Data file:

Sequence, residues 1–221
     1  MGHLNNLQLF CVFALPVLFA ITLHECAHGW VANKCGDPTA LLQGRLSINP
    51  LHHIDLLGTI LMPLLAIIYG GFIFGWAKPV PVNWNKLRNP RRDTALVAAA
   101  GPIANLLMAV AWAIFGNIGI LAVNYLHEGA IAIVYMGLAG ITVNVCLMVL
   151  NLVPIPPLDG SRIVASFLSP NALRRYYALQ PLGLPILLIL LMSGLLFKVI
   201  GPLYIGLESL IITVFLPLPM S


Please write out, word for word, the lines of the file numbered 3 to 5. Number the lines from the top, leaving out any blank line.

    51  LHHIDLLGTI LMPLLAIIYG GFIFGWAKPV PVNWNKLRNP RRDTALVAAA
   101  GPIANLLMAV AWAIFGNIGI LAVNYLHEGA IAIVYMGLAG ITVNVCLMVL
   151  NLVPIPPLDG SRIVASFLSP NALRRYYALQ PLGLPILLIL LMSGLLFKVI